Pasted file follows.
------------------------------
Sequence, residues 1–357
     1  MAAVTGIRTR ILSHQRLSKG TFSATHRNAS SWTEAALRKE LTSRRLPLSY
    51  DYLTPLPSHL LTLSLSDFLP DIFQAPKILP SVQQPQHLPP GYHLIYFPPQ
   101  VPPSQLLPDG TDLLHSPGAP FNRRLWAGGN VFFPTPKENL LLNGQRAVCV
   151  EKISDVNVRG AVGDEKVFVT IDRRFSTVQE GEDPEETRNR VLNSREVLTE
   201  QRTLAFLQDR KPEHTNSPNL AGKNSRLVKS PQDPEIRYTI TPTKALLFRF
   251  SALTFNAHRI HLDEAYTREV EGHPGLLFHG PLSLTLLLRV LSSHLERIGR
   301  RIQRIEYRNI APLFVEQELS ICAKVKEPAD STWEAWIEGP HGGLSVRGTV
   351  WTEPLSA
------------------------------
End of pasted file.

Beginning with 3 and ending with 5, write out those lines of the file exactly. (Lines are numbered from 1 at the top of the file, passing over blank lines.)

    51  DYLTPLPSHL LTLSLSDFLP DIFQAPKILP SVQQPQHLPP GYHLIYFPPQ
   101  VPPSQLLPDG TDLLHSPGAP FNRRLWAGGN VFFPTPKENL LLNGQRAVCV
   151  EKISDVNVRG AVGDEKVFVT IDRRFSTVQE GEDPEETRNR VLNSREVLTE